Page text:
Vocabulary list

Breeze /bri:z/ = a soft wind – blossom /ˈblɒs.əm/= flowers on trees that become fruit – Dawn /dɔːn/= a period in the day just before the sun rises. Dragonfly  /ˈdræɡ.ən.flaɪ/ = large insect with four transparent wings that flies over water and can be of different colours like green or red. Butterflies (singular butterfly)  /ˈbʌt.ə.flaɪ/= an insect with large brightly coloured wings. Scent /sent/= the smell of something.

A1 · A2

A1/A2 How to speak about our nationality in English

Hi! Here’s another How to video. This video is a very first class video that beginners can use at home to practice their first sentences in English and gain confidence. It’s also helpful for going over nationality adjectives as there is a list with words that belong to the A2 certificate exams.

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A1 · A2

A1/A2 How to say the names of American countries in English

It’s true that these names are very, very similar to Spanish. But I’ve had so many students from Venzuela, Peru, Ecuador, Argentina and other South American countries that worried about how they were pronouncing these names that I decided to make a video.

It’s another of the series of How to… videos that aim to help adult beginners build up confidence. I really hope you find it useful for this purpose.

PS. Sorry for leaving out the West Indies! There will be more videos. Promise!

Serena’s blog
A1 · A2 · Vocabulary

A1/A2 How to say names of European countries in English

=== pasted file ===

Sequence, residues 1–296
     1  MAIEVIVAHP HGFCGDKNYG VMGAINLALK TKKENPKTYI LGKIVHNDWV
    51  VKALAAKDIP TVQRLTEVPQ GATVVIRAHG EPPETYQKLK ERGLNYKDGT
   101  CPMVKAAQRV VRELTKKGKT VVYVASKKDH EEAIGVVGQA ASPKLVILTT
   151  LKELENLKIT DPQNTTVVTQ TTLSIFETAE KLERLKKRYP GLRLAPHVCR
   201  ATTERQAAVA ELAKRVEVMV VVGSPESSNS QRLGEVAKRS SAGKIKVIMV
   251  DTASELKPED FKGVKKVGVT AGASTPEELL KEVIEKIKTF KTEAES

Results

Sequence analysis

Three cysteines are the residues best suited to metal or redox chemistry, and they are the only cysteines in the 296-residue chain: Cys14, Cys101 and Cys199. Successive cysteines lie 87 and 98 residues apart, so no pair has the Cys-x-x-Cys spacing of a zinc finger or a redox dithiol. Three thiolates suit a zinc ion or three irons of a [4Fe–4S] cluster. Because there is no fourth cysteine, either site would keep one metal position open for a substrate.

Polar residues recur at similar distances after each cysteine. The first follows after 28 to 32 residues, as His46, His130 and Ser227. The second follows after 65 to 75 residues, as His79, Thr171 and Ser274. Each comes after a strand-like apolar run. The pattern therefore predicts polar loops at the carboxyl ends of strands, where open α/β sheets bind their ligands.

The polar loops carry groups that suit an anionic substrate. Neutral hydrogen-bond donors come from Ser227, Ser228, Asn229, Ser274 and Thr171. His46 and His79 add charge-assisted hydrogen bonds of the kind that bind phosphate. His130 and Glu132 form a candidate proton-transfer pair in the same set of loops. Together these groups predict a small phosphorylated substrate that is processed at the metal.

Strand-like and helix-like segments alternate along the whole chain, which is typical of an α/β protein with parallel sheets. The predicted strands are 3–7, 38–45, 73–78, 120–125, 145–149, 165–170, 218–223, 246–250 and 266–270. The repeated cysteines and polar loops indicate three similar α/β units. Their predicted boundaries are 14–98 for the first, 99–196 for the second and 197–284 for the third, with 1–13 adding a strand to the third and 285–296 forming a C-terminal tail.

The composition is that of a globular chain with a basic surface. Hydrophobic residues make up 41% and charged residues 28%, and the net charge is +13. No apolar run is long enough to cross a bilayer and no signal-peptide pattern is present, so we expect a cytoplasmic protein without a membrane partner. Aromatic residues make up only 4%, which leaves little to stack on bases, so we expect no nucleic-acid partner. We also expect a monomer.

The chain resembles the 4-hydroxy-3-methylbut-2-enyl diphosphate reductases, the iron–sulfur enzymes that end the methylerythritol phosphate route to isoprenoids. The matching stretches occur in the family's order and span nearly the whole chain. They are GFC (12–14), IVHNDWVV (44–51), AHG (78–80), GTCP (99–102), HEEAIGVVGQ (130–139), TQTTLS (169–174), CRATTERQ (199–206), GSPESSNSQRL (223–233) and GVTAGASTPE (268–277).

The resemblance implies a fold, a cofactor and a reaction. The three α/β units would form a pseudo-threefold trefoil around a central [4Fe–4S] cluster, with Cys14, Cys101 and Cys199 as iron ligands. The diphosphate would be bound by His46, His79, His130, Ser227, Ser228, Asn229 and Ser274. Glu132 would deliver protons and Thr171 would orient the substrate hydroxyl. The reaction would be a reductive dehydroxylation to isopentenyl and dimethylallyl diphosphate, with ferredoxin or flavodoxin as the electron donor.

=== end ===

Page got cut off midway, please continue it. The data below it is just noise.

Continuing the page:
Here’s another of the How to series of videos for beginners. This video deals with names of European countries. At the end of the video you have a quiz that will help you remember and go over some of the names of these countries. I know that there are many names and that it is difficult to remember all of them, but bit by bit, little by little you will become familiar.

Later, there will also be a video for other countries.

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A1 · A2 · Practical videos

A1- A2 How To Say and Understand Phone Numbers in English

As a teacher that has taught all levels of English (or almost all levels, anyway), I realised that teaching beginners can be as challenging as teaching C2s students. The first reason for this is that adult learners usually feel very shy and self-conscious about making mistakes in front of their classmates so they need to be able to practise a lot before producing new structures. At the same time, they usually have very little time to do English homework because there are a lot of other things that they need to do like: work, take care of the kids, household chores, etc., just to mention a few. Finding a balance in everything can be very a difficult task indeed and for this reason, on many occasions beginners quit English classes before they see any progress, which is a real pity. But on the other hand, if a beginner manages to stay on, they very soon notice that they are having fun, learning a lot and making new friends.

This year, with A1s and A2s in mind (or the groups that I’ve had anyway), I want to create a collection of videos with some tips and practical information on how to do something like for example, how to give and ask for a price, or how to congratulate somebody, etc. Sort of something very short, simple and clear that will allow learners to focus on very little content and have the opportunity to practise so as to gain some confidence with new structures and chunks of information.

I am aware that the videos are and will be in English (as usual), and that this can seem a bit off-putting for a beginner, but it is also true that all the audio files also appear in writing, so at the same time, learners are doing a listening activity where they can associate the written form of the word to the sound of it.

Here’s the very first video of this project that I’m really enthusiastic about, hoping that they will be useful for A1 and A2 English learners and that I may (only may), get some feedback.

Template and animations by me (sometimes being a graphic designer can come in handy)